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Sample essay topic, essay writing: Overview Of Video On Demand Systems - 2071 words
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.. he public. ( This paper would probably be caughtby such a publisher.) This auditing of compressed video information is not asstraight forward. A particular video stream can flow through an MPEG-2 encoderwithout incident while a second stream will bog-down the system (possiblyinducing errors). Rapidly changing backgrounds , like sports coverage can causeproblems.
The MPEG-2 standard is complex and requires more than just an astutesystems engineer to ensure that equipment designers of the encoders have notinterpreted the MPEG standard differently (from the decoder designers). HewlettPackard suggests that the industry needs to consider testability as a primaryrequirement of VOD systems. One way to resolve encoding concerns could be tocreate standardized test that carefully verify the implementation of the MPEGstandard. Bit error rate testers can test transport layers, traditional dataanalysis tools can also be used to build new test tools for MPEG. It should beno surprise that testability is the last area of standardization for the VODmarketplace.Summary Preparing video information for VOD archiving has reached a point thatdevelopers are able to concentrate on accelerating the compression phase. Thecompression techniques are relatively well documented
The industry is nowaddressing how to implement them faster; HW vs. SW, Digitizing Cameras vs. DSPcards. Most experts agree that even though today's workstations have theprocessing power to perform the MPEG compression it is usually more efficient toperform as much processing in HW (like dedicated video cards) as possible. Thisis not always the case in Multimedia applications where the end product (do toBW limitations) is not really Broadcast Quality . Quality of Imagery the userexpects is also a major consideration in selecting a content preparation element.If the user cannot take advantage of a hi-resolution 2k X 2k image; or if theBW of the distribution network is limited; then a hi-resolution MPEG-2 CODECmight not be justified. If the CODEC implements the 'Spatial scalabilty'capability of MPEG-2 then the encoder provides the video in a two part format.This lets low-resolution decoders extract the video signal and with additionalprocessing in more capable decoders, a high resolution picture can be provided.Video ServerRequirements Once the content is uploaded to the video server in the contentpreparation phase, and registered appropriately in the database, it becomesavailable for the end user.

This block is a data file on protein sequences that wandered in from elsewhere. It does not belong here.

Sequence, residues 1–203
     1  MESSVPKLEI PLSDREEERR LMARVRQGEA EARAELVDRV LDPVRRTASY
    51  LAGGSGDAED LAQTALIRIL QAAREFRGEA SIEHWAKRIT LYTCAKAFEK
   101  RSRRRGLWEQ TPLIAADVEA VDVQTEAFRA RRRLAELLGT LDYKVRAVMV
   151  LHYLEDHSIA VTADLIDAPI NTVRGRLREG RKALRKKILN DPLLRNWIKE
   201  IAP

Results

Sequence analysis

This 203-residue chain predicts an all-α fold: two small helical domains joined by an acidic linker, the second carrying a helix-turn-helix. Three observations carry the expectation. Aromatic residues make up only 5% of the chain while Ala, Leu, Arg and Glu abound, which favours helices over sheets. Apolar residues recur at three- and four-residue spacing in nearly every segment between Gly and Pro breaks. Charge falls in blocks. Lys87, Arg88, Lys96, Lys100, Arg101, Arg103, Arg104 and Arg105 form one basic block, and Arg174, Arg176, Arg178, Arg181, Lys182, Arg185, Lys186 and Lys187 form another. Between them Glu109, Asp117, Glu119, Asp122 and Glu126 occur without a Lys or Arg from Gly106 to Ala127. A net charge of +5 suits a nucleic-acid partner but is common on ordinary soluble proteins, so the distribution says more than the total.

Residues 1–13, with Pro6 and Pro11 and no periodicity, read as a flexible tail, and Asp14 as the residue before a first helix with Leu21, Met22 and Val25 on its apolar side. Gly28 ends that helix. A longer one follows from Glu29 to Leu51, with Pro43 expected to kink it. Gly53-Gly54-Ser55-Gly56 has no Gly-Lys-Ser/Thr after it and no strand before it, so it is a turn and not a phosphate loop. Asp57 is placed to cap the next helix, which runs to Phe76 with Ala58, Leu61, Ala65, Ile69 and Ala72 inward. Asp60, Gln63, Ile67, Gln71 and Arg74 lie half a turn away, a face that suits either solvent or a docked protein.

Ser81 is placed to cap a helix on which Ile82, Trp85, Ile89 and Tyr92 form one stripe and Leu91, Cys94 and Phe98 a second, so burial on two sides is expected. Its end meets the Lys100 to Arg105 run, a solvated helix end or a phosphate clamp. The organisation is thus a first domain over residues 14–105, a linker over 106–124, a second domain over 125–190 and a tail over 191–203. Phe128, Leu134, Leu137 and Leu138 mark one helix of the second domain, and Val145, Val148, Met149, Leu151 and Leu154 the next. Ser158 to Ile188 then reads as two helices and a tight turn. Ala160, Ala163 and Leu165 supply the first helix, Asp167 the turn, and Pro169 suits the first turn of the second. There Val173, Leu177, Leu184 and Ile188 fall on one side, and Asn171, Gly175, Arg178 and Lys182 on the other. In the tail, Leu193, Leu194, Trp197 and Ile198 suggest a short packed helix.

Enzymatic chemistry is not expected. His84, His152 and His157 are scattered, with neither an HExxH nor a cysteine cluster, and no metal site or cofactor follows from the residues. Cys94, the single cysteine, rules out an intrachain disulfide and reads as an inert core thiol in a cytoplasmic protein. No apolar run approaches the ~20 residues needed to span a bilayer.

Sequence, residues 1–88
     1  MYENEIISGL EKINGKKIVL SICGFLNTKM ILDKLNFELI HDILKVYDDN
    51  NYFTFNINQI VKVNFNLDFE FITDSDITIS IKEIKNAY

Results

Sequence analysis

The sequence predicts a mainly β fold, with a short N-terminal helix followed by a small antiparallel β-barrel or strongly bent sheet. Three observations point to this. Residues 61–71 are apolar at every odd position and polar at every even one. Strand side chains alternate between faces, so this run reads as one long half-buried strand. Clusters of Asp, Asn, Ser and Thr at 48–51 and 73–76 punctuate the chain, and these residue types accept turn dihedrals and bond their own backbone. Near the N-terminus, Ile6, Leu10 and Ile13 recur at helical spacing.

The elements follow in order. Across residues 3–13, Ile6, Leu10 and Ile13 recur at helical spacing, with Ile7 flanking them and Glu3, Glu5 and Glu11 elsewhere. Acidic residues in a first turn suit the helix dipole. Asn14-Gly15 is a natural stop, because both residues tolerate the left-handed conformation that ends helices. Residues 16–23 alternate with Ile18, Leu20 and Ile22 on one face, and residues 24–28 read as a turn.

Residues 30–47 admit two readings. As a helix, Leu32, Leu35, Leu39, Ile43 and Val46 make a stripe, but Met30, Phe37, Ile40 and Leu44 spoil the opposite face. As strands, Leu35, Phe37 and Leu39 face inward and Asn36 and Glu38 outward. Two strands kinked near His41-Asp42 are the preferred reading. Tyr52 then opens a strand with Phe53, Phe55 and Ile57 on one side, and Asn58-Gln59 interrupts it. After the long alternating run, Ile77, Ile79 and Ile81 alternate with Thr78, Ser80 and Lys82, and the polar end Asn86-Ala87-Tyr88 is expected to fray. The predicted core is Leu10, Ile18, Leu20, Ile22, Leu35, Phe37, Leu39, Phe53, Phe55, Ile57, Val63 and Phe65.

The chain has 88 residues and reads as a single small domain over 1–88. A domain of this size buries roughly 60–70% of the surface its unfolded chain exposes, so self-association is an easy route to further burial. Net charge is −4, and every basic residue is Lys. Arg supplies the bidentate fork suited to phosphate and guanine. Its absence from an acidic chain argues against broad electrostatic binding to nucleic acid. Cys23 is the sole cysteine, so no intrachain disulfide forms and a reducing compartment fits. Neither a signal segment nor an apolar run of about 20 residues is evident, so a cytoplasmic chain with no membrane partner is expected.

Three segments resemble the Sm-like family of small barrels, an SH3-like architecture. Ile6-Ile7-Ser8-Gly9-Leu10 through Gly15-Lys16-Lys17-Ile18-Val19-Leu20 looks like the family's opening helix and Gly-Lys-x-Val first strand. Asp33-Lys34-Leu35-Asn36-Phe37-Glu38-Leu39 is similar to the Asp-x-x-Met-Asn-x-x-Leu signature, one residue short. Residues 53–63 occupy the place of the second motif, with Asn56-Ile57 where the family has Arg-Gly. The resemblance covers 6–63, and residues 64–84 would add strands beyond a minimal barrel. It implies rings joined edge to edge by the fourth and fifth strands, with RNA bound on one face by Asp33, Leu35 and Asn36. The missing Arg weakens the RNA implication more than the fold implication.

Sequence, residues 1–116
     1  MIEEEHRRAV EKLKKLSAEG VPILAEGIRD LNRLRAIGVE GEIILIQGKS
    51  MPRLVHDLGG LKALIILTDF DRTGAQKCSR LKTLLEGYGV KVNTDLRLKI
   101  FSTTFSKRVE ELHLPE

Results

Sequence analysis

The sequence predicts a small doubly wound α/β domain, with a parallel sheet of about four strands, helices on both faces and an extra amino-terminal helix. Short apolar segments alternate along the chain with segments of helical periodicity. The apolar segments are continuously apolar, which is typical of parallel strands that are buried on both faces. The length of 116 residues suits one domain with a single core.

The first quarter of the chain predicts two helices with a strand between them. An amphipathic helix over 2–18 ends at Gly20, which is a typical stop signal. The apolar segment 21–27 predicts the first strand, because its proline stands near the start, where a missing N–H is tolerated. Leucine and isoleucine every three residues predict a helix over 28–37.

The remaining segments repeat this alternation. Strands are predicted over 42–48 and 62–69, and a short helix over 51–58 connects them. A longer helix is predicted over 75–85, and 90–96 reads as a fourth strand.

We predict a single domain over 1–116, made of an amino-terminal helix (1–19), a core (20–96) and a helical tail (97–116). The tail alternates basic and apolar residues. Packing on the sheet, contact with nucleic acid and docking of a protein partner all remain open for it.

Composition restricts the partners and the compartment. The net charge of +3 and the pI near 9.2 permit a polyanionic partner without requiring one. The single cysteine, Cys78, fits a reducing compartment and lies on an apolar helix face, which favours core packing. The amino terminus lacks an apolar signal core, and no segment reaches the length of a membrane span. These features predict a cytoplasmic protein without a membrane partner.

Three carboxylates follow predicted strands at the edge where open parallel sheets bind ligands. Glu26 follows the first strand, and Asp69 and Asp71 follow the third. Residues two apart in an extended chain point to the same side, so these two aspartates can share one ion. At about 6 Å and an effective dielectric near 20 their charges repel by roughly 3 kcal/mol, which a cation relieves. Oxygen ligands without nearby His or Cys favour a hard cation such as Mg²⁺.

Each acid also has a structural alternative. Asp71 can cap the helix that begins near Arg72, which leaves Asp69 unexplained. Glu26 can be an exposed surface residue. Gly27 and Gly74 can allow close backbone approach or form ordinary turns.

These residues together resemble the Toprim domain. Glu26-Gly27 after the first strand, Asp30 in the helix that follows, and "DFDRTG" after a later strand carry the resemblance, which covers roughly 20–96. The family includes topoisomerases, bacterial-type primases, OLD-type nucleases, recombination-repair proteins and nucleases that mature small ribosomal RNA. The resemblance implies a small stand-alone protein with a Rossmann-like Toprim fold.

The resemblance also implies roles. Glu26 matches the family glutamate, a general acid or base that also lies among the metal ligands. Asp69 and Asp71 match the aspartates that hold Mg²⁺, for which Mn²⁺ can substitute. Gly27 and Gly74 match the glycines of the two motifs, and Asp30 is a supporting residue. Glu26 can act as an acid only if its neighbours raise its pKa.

In order for this data to be available and viewableby the end user the server should have at least a Raid 5 SCSI controller, 4GBHard Drives with 7200 RPM, and a high speed network interface. The servershould support MPEG-2 compression at 4.0 Mpbs to deliver approximately 28 hoursor 96 Hours of MPEG-1 compression of 30-fps, 640-by-480 pixel video on demandwhich equates to a minimum of 50 GB of Hard disk space. The server shouldemploy RAM in order to buffer the data being received from the disk drive toensure a smoother transfer of the video to the end user. A minimum of 256MB isrecommended. The server should be able to handle MPEG-2 and MPEG-1 in NTSC, PALor SECAM video formats and be able to meet broadcast and cable requirements foron-air program applications and video caching.Compression Method *Storage Required in Mb per 30 Second video clipStorage Required in Mb per 60 Second video clipTotal Capacity 52GB HDD HoldsMPEG-1 @ 1.2 Mbps367296.3 HoursMPEG-2 @ 4 Mbps12024028.8 Hours* Assumming the standard compression ratio per method type.Limitations There are several major limitations that must be addressed in order tounderstand why the above requirements are imposed. 1) Storage--There appears to currently be a storage limitation on videoservers because of retrieval and transmission time associated with video.Multiple servers will be needed to store and retrieve from large archives ofvideo information. These servers should be distributed remotely to maximizelocal retrieval and viewing while minimizing WAN traffic.
2) Data stream--in order to view video information with a minimum oflatency and without jitter the data stream needs to be constant anduninterrupted (with the exception of some buffering as necessary). There areseveral forms of buffering: a) Media stream storage on hard disk. b) cached at the transmit buffer c) network transit latency and buffers may be viewed as anotherbuffer. d) the receive end may buffer a sufficient amount of the mediastream to maintain a continuous stream for displayand suitable synchronization with the transmit end. 3) Concurrent users--The video server should be limited to 100concurrent users in order to ensure that each user is able to access therequested data as expeditiously as possible.